We human beings have the unique power to choose our attitudes, our emotions, our speech, our actions, and our personalities, just like we have the power to put on clothes.  I know that may sound simplistic but I use that analogy because it conveys an ease to it rather than struggle.  And our lives do not have to be about struggle!  Along our lives’ paths, we have picked personality traits that we saw and liked in others and we said to ourselves, “I’m going to be like that.”  Or, we saw personality traits in others that we had an extreme dislike for and we said, “I’m not going to be like that.”

Although we all came “pre-programmed” with a basic personality, we shaped and molded what we had been given to be the outward representation of who we are (and how we feel about ourselves) on the inside.  So why is that good news?  It’s good news because, if you chose to be a certain way, you can now choose to put aside that same way of being if it no longer works for you.  As we grow in knowledge and skills, we find that we no longer need to have certain ways of being that we previously chose for ourselves – possibly as coping mechanisms.  Regardless of the reason, once you see that you have a personality trait that isn’t producing the results that you desire in your life (or that’s getting in the way of you getting those results), you can choose to set that personality trait aside, just as easily as you initially chose to pick it up and put it on.

That’s not to say that you’ll never have to deal with that personality trait again.  We have learned patterns or ways of being that are deeply engrained.  Therefore, once we decide to make a change, it will take several days of working in the newly desired trait before it is engrained on top of the old one, essentially taking the previous trait's place.  So, until that happens, you have a choice in every situation where that old pattern starts to show up.  You can give way to the old trait or you can choose to only allow the new behavior.  Whatever you choose, know that it is your choice and your actions, behavior, and speech are not given to you by another – but they are only given by you.

Now that’s empowerment!

Copyright ©2009.  All rights reserved.

02 October, 2009

Why Planning is Tied to Success

Welcome to October 2009!  Today I was reviewing the remaining months until the end of the year and what I have scheduled to do and what I need to do.  That year-end deadline is just looming ahead and making me more aware than ever of how necessary it is for me to plan my days, weeks, and months as well as my month-end and year-end goals.

According to several “success gurus,” planning is one of the most important tools used by those who continually achieve their goals.  Of course, one has to start with goal setting.  And after setting your goals for the year and month(s), those goals need to be broken down into specific tasks that you must complete by specific time-lines in order to meet the goals by your decided-upon deadlines.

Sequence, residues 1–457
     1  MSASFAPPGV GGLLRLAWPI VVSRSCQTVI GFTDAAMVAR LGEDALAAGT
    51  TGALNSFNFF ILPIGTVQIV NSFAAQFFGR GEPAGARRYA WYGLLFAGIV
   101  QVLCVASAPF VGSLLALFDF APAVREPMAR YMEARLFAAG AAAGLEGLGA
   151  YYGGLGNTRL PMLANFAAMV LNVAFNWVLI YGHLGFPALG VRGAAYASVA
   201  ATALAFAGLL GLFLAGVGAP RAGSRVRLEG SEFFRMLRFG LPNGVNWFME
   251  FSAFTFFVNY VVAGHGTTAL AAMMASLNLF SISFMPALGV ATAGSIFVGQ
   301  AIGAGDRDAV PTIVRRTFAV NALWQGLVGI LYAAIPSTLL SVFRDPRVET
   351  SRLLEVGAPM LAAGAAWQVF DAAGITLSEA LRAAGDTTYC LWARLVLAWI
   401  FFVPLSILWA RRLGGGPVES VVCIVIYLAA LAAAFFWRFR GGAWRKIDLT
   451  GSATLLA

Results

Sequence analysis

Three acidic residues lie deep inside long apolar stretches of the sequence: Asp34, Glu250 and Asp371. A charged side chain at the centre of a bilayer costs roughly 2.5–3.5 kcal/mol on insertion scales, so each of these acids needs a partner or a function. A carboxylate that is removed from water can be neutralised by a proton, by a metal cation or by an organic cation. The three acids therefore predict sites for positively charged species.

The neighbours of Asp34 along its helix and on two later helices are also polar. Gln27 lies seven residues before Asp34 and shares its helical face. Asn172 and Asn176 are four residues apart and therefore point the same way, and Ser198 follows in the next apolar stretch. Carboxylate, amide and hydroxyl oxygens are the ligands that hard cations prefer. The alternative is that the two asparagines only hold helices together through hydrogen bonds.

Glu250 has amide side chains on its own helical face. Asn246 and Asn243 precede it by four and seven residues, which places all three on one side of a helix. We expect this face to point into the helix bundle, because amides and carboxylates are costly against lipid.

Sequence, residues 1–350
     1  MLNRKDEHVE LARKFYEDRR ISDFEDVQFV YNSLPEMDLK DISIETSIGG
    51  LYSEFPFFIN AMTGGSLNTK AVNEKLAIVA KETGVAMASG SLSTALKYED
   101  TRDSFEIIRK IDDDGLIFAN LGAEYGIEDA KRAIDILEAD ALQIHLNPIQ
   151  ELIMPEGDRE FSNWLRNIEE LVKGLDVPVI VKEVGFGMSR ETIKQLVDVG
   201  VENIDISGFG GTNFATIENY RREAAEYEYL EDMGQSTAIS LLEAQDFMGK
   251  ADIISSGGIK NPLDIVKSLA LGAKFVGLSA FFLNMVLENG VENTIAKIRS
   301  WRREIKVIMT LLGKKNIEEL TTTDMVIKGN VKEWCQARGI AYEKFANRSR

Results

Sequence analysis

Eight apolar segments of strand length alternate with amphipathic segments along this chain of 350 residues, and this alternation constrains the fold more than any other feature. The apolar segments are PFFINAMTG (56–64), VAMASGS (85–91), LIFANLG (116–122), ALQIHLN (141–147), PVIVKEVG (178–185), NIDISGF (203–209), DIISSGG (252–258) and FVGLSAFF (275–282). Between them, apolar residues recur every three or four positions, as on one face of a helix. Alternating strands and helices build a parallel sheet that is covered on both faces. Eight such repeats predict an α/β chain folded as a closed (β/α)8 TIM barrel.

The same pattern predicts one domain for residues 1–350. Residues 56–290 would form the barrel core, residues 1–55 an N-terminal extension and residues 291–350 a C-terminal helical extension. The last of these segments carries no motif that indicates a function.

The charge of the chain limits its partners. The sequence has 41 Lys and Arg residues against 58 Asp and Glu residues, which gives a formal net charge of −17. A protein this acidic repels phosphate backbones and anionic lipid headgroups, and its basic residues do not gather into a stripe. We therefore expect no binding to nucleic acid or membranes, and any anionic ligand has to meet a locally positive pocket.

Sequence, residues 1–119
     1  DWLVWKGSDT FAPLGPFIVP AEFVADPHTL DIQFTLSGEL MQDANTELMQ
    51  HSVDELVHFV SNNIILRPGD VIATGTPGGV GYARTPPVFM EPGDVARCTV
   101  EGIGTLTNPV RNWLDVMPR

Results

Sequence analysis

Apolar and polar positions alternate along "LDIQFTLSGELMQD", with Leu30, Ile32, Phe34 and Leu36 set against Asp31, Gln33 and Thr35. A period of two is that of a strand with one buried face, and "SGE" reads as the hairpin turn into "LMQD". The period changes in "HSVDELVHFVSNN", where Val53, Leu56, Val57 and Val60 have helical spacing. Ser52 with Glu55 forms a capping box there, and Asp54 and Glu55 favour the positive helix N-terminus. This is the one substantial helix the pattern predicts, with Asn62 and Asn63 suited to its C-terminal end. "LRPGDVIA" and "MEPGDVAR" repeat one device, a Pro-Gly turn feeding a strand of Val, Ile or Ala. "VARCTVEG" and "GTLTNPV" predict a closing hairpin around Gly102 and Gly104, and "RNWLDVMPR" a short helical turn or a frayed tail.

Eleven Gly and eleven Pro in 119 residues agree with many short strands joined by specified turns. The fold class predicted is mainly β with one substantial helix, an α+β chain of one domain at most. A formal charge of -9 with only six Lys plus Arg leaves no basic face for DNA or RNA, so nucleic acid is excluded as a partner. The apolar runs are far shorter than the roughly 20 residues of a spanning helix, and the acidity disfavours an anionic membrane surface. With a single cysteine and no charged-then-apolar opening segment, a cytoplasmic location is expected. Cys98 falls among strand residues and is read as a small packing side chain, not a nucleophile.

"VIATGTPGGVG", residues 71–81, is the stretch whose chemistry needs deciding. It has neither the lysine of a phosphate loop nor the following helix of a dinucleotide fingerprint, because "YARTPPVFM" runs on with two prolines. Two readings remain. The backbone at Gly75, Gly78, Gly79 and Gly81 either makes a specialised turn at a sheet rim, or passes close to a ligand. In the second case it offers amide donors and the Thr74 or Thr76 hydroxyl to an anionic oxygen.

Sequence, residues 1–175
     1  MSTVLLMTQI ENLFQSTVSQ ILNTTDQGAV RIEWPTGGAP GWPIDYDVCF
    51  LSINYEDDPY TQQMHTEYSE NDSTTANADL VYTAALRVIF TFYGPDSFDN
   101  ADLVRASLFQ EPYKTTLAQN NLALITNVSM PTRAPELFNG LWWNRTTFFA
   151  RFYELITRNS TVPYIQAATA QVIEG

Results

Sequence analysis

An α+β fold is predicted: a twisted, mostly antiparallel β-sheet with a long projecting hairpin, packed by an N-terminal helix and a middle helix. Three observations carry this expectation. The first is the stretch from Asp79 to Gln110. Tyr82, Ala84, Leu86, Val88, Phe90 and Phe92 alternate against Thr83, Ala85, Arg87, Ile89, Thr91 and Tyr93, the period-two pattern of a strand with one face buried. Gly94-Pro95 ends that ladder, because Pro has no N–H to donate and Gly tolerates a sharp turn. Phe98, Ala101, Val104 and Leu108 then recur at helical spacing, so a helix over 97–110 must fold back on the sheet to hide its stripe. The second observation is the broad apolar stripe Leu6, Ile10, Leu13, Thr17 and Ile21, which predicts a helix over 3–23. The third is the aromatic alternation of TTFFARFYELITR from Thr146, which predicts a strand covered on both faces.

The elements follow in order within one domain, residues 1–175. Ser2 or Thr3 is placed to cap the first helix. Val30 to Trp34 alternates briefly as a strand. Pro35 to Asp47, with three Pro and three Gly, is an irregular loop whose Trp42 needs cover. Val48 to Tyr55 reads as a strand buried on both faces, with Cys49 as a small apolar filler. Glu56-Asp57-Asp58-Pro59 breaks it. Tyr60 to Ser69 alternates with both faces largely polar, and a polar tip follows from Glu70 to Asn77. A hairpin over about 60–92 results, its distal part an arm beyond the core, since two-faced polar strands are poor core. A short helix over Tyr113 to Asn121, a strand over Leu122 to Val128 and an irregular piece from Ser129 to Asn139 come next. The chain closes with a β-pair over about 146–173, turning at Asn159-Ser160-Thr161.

In his book, “The 10 Natural Laws of Successful Time and Life Management,” author Hyrum W. Smith (founder and former CEO of the then, Franklin Quest Co.), writes about SMART goals.  He defines SMART goals as those that are:
Specific   Measurable   Action-Oriented    Realistic and    Timely.
He also writes that, “an unwritten goal is merely a wish.  Writing the goal [with the above mentioned attributes attached] forces you to be specific.  If a goal is not specific, you will have a hard time knowing whether or not you’ve reached it.

For me, I have learned over the years that I accomplish more in a day if I have previously planned my activities for that day.  Of course there are some things that I plan well in advance and other things that occur every day or on the same day/time of every week.  My practice is simply to sit down at the computer at the end of each day and enter into my calendar program each task that I need to accomplish for the following day, giving it the proper amount of time required.

I then organize those “appointment/tasks” into their overall order of importance and schedule them for the times throughout the day when I believe I will be able to work on each to complete them.  I enter notes into each task/appointment of any of the things I need to complete that task including looking up addresses of where I need to go, directions, and things I need to complete prior to the appointment/task

Then, I sync my smart-phone up to my calendar program so that I have my planned list of to-do’s with me.  My reminder on my phone will prompt me of the next planned event as the time nears.  (Before I had a smart-phone, I would simply print out that day’s calendar to carry with me to meetings, etc.)

That’s my simple system for keeping things in existence for myself.  Besides writing down your daily goals, you must implement some sort of system that will keep those goals in existence for you.  Once something goes out of existence for you, you are sure to not complete that task.  That’s why many people feel like they are always playing catch-up – because they don’t keep their schedules in existence for themselves.

Lastly, I gather up anything that I will need to complete my next-day goals.  I don’t move quickly in the morning so I’m much more effective if I get things together in the evening before going to bed.  I’ll pack my gym bag, get directions, paperwork/forms, coupons, or whatever it is I will need to complete my next day goals, and have them ready to go at a moments notice.

Although goal setting is one of the most important steps to achieving your desires, I would encourage you to, above all, allow for surprises to occur during your day.  Look for spontaneity and other things that might require schedule negotiation but will fill your life with love and rich rewards.  Remember, you may not always schedule in a call with a cherished friend or loved-one but that call may be the thing that completely makes your day worth your investment.

Copyright ©2009.  All rights reserved.